Table 2: Comparison of CFRP through-thickness thermal conductivity reported in the literature.
3.2. CNF Microstructure

Delamination surfaces from each sample type were prepared to observe and compare the CNF microstructures within the UA-CFRPs and ZT-CFRPs. As this analysis intended to highlight the difference between a typical unaligned CNF network and the CNF network created by CNF z-threads, it was imperative first to understand how to distinguish between the respective CNF networks when viewing the micrographs.

Figure 3 depicts the proposed CNF z-threading patterns within a CFRP, which helps illuminate the possible morphology of CNF z-threads in a delaminated CFRP laminate. The delamination surface is likely to occur at the necking gap between carbon fibers. Moreover, the matrix near the delamination surface is prone to shattering due to the interaction with the CNF z-threads under tension. Due to their orientation, broken CNF z-threads located at the delamination surface should only have one root in the matrix material and one broken tip. However, as a result of the zig-zag threading pattern, the local angle of a CNF z-thread may not be perfectly orthogonal to the delamination surface.

Figure 3: Proposed CNF z-threading patterns within a CFRP.

Upon examination of the UA-CFRP delamination surface shown in Figure 4, one can observe that the majority of the observed CNFs either have two roots in the matrix or they are oriented in the x-y plane, which indicates that they are not z-threads. On the other hand, the ZT-CFRP delamination surface shown in Figure 5 displays an organized CNF network z-threading through the thickness of the laminate.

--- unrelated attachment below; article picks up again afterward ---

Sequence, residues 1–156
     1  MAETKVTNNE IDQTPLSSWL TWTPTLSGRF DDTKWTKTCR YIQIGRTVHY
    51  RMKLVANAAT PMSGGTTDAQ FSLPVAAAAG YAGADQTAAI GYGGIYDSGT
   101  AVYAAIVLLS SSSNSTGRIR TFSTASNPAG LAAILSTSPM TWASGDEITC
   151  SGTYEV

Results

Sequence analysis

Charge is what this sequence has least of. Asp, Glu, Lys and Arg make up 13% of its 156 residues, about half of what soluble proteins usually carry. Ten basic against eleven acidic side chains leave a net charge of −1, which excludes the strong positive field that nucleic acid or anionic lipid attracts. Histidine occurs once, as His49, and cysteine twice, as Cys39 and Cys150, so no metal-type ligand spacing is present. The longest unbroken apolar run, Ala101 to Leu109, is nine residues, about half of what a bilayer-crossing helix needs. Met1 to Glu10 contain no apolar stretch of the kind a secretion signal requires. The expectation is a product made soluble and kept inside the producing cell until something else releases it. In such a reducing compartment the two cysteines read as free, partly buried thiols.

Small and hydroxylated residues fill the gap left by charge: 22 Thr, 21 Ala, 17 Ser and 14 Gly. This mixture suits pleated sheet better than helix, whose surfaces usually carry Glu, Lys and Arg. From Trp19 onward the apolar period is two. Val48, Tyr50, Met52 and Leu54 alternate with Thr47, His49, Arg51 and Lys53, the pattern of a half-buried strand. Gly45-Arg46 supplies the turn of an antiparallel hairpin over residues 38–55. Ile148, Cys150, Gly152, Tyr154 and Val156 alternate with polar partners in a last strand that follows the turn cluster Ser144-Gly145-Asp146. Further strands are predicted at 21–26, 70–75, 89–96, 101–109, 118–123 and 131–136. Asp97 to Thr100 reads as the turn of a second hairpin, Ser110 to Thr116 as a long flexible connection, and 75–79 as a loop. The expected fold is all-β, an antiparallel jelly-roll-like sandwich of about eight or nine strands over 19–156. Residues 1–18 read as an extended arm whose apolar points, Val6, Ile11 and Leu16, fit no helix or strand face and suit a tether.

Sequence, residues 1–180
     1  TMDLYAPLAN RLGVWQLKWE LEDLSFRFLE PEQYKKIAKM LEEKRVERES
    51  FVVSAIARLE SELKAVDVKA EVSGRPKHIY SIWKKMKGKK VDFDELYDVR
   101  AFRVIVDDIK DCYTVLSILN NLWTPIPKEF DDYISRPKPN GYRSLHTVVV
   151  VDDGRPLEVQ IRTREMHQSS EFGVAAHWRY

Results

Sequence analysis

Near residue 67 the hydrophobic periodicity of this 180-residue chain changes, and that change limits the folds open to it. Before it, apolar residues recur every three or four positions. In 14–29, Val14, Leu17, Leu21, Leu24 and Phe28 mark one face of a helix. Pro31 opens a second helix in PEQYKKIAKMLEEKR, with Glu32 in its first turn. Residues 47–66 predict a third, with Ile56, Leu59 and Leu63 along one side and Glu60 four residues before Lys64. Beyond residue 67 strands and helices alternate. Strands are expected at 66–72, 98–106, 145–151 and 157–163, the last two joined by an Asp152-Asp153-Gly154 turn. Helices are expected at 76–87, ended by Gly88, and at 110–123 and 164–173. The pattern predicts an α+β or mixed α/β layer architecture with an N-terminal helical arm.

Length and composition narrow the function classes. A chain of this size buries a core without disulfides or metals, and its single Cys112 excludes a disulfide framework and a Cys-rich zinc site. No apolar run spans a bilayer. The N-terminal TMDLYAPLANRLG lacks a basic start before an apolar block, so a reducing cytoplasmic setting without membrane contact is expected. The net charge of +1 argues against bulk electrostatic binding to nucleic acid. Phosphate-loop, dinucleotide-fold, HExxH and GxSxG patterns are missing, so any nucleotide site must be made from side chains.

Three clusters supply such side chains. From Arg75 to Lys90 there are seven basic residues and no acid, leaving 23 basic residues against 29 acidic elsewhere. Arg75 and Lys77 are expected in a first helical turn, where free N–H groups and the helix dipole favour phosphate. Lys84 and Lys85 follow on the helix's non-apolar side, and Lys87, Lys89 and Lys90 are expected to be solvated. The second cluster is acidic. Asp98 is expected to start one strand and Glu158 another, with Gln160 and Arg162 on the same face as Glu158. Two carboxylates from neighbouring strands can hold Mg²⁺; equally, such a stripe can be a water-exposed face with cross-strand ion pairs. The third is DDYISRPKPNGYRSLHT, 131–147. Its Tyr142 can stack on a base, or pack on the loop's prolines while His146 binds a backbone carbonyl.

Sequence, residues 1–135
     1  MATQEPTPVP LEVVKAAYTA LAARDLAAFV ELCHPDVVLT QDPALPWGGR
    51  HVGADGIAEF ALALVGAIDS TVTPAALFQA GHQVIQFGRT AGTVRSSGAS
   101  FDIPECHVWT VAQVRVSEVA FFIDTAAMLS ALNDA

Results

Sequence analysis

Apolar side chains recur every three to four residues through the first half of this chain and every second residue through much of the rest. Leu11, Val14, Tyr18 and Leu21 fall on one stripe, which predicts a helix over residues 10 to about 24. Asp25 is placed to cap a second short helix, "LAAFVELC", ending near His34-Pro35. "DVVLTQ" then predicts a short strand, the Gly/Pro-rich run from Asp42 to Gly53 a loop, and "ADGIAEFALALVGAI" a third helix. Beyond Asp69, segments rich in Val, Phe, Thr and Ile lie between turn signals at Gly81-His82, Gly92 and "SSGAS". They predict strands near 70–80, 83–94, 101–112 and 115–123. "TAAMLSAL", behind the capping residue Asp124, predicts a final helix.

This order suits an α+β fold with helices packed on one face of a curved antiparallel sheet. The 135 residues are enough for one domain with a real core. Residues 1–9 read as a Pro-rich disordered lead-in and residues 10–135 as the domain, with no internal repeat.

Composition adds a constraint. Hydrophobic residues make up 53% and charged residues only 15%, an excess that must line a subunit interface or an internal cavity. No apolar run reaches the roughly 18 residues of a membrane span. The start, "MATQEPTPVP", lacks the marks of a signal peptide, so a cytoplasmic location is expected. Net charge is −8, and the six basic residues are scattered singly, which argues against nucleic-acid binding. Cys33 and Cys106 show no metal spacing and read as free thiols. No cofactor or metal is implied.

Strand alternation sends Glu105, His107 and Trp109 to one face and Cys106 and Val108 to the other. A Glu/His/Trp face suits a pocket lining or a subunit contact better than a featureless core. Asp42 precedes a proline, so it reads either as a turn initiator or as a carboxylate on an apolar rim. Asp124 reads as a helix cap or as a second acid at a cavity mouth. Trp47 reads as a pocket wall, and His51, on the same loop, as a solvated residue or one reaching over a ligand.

Figure 4: 1 wt% UA-CFRP delamination surface (top view).
Figure 5: 1 wt% ZT-CFRP delamination surface (top view).

Due to the strong mechanical interlocking associated with the zig-zag threading pattern illustrated in Figure 3, the CNF z-threads fracture very close to the matrix material; this phenomenon makes it difficult to see the CNF network from a top view of the delamination surface. As such, the SEM sample holding stage was rotated by 25 degrees to obtain an oblique view of a fiber tow that was partially split from the delamination surface, as shown in Figure 6. In this micrograph, one can observe a substantial number of CNF z-threads as well as their relationship with the carbon fibers.

Figure 6: 1 wt% ZT-CFRP delamination surface (oblique view).

As illustrated by the SEM micrographs, the majority of CNFs present within the UA-CFRPs were oriented in the x-y plane, whereas the network of CNF z-threads present in the ZT-CFRP extended throughout the CFRP laminate in the z-direction. With this observation, one can reasonably assume that CNF z-threads should have a greater impact on the thermal conductivity of CFRPs than that of unaligned CNFs since the incorporated CNFs are oriented in the z-axis. As such, the CNF z-threads are more capable of forming long-range conductive paths through the laminate than unaligned CNFs. Moreover, as the CNF z-threads zig-zag throughout the thickness of the CFRP, they link carbon fibers that would otherwise be separated by an epoxy barrier. This fiber-fiber linkage created by the CNF z-threads establishes a thermally conductive pathway throughout the thickness of the laminate. It is this synergy between the CNF z-orientation and the corresponding fiber-fiber linkage that produces the substantial increase in the through-thickness thermal conductivity, despite the low CNF concentration (1 wt% of the matrix translates to approximately 0.2 vol% of a CFRP with 70% carbon fiber volume fraction). Accordingly, the CNF z-threads are incredibly effective in enhancing z-directional heat conduction.

3.3. Model-Based Synergy Analysis of CNF Z-Threads